How safe is a SAFE Agreement for Startups?

Written by Elizabeth Layeni

July 19, 2021

In a bid to scale their business ideas and operations, startups require funding at different times. There are typically five stages of funding required for a startup to become an established business. They are Seed Funding, Angel Investment Funding, Venture Capital Financing, Mezzanine Financing and Initial Public Offering (IPO). SAFE agreements are financing contracts that may be used by a startup company to raise capital in its seed financing rounds.

A SAFE agreement has evolved to become one of the main instruments for early-stage funding. A SAFE (simple agreement for future equity) is an agreement/contract between an investor and a company that gives the investor the right to receive potential equity of the company on certain triggering events, such as an additional round of financing or the sale of the company. A SAFE agreement provides potential equity to an investor in exchange for immediate cash to the company. The shares to be given to the investor are not valued at the time the SAFE is signed and actual valuation of the shares is deferred until the advent of the triggering events as outlined in the SAFE agreement. Unlike a convertible note, which is also one of the ways through which startups raise seed capital, a SAFE is not a loan; it is more like a warrant. In a SAFE agreement, no interest is paid, and a maturity date more often than not does not exist. Until the happening of a conversion event outlined in the agreement, such as an additional round of financing or the sale of the company, a SAFE remains outstanding.  

A SAFE is similar to a convertible note as both instruments provide potential equity to an investor. However, unlike a convertible note, a SAFE is not a debt instrument. A SAFE  is relatively easy to create and implement, does not accrue interest as a loan does; and offers flexibility in the way a company raises funds. There could be situations where the triggering events as defined in the SAFE agreement aren’t activated. In such situations, the SAFE will not be converted. For instance, if a company in which you invested makes enough money that it never again needs to raise capital, and it’s not acquired by another company, then the conversion of the SAFE may never be triggered.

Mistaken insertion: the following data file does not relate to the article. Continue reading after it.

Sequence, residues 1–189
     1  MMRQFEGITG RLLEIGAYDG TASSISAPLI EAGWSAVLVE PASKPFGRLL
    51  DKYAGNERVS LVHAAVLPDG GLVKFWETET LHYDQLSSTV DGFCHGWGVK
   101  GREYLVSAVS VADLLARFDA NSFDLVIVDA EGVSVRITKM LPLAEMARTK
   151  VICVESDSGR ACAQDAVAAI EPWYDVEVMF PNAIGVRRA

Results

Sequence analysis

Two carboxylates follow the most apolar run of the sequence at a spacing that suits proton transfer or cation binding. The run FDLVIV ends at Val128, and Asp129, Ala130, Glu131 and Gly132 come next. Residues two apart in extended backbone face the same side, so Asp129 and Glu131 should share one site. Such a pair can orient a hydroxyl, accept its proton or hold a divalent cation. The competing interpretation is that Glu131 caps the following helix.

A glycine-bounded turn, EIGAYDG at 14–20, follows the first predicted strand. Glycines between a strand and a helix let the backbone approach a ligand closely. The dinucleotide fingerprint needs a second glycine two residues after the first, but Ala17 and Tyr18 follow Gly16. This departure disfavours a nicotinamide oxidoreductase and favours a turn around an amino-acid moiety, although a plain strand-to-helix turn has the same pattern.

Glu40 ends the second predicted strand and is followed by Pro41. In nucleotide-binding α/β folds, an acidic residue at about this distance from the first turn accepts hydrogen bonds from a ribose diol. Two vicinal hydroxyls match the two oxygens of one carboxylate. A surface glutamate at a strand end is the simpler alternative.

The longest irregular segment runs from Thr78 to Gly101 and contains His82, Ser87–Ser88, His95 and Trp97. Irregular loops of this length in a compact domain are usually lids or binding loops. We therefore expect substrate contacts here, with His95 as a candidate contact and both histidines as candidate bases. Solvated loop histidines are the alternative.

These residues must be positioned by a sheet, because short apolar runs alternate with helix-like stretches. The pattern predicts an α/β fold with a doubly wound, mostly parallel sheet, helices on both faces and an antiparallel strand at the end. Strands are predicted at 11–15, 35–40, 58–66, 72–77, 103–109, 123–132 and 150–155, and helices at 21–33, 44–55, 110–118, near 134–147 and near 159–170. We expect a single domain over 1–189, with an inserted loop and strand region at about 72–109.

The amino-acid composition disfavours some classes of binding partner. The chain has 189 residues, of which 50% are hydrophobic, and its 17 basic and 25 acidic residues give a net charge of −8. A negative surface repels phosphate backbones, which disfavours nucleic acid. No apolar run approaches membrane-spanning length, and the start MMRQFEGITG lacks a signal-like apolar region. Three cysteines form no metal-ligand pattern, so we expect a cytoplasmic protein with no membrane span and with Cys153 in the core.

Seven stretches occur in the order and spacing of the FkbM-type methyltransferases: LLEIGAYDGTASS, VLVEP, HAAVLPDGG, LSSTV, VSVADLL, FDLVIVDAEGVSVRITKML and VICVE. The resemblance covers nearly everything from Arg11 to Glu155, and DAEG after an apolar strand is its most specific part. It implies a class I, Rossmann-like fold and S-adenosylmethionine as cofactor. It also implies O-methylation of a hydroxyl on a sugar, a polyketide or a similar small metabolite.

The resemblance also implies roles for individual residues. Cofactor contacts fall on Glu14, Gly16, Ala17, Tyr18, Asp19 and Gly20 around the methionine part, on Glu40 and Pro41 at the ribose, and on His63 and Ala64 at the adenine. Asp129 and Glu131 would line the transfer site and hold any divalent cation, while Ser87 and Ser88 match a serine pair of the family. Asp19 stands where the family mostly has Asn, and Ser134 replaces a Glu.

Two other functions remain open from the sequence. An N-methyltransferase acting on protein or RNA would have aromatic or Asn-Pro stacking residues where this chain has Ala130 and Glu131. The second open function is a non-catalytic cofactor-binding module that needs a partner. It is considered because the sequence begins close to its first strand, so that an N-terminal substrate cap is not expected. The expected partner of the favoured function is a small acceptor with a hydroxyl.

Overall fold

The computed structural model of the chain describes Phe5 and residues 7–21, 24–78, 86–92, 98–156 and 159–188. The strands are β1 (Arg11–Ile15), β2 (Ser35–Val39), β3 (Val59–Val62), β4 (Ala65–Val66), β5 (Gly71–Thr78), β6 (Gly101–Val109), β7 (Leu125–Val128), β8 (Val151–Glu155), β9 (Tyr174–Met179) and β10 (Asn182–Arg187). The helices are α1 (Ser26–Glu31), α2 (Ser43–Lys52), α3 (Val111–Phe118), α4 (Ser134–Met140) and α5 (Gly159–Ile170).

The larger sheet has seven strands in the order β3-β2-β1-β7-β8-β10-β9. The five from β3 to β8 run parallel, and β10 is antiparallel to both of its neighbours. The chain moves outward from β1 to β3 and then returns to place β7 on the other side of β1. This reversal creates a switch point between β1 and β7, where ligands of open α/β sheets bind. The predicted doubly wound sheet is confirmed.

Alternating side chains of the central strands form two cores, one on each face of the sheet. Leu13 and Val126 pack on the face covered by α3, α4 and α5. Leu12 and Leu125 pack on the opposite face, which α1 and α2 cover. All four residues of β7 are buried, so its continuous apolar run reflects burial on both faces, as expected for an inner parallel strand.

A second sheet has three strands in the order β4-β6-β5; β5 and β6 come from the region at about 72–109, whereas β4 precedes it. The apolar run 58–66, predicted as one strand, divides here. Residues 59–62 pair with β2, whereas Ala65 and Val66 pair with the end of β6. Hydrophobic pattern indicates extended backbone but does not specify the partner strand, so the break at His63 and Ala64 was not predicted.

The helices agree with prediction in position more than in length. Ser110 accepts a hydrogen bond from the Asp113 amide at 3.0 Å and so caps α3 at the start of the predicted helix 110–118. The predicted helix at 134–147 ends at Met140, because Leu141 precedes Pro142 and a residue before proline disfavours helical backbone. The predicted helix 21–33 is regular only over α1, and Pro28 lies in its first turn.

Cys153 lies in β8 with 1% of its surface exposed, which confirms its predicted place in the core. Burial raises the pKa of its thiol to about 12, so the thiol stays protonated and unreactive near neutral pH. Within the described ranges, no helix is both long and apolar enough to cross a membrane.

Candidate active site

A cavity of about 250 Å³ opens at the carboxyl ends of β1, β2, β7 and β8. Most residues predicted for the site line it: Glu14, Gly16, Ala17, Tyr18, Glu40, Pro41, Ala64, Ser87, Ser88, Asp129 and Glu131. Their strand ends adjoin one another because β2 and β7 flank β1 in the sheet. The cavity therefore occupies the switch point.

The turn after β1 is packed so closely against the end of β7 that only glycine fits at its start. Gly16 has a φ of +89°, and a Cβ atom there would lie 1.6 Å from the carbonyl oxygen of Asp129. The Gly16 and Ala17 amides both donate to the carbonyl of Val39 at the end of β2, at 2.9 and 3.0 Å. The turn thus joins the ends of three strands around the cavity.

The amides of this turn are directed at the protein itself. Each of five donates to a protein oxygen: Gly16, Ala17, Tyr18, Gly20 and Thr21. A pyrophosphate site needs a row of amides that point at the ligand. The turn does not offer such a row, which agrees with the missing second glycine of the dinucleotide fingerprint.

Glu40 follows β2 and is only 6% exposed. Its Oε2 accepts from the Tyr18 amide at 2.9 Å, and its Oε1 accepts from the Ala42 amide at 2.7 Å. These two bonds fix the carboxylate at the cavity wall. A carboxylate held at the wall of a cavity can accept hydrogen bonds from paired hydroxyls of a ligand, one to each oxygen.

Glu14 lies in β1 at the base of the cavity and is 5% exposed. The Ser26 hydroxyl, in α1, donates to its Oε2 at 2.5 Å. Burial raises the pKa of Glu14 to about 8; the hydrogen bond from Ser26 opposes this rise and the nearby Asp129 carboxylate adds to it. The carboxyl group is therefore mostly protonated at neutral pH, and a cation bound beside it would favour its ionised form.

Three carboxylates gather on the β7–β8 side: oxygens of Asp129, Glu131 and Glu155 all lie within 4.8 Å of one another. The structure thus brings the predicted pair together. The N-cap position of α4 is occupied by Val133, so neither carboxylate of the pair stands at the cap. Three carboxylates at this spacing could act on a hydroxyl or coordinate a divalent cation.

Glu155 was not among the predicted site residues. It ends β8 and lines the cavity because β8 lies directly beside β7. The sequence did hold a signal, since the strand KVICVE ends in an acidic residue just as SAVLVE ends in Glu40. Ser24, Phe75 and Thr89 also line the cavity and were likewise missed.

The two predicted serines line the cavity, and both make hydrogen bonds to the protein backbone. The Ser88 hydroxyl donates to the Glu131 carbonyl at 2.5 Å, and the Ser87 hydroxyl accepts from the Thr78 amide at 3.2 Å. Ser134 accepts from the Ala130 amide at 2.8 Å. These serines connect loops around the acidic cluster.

The four types of SAFE notes include:

  • A valuation cap, but no discount
  • A discount, but no valuation cap
  • A valuation cap and a discount
  • No valuation cap and no discount

What are the benefits of SAFE agreements to startup companies ? 

  1. Control : Without the repayment obligations and maturity dates looming over the startup, and so founders have more freedom and flexibility and good time to ensure that  their vision and dreams materialize as intended.
  2. Simplicity : Since SAFEs are so simple, there are fewer terms to negotiate, making everything that needs to be discussed clear and concise. In fact, the only things that really need to be negotiated are the discount rate and the valuation cap.
  3. Ease of entry and startup’s comfort: As an early stage investor, a SAFE note is an easy way to invest in a company post the without the paperwork and effort of a convertible note. Also, convertible notes usually come with obligations that might hamper future investment from other parties (e.g., interest payments, investor subordination [debt gets paid before equity], etc.).
  4. Accounting: Like other convertible securities, SAFE notes end up on a company’s capitalization table.
  5. Conversion to equity: Investors can change their investment to equity later. The date of conversion is not predetermined, but it can happen when an equity round is raised and preferred shares are distributed.

Challenges of SAFE agreements

  1. Risks to investors: SAFE notes are not an official debt instrument. This means there is a chance they will never convert to equity and that repayment is not required.
  2. Incorporation requirement : A company must be incorporated for it to offer SAFE notes.
  3. Distribution of dividends: Dividends are not to be paid to SAFE note holders the way they are paid to common shareholders.
  4. Lower returns: Accruing no interest on a short-term investment is not a big deal. However, if you hold an investment for over a year, it could make a huge difference. Accrued interest gives note holders a greater return on their investment and creates an incentive for a company to close an equity round.
  5. No minimum requirement: With SAFEs, there is no minimum requirement for an equity round to go into conversion. However, a minimum can actually be helpful because it lends the round legitimacy and value. It means that a SAFE note can be re-adjusted on a whim and that a smaller investor can negotiate a better deal and compete.

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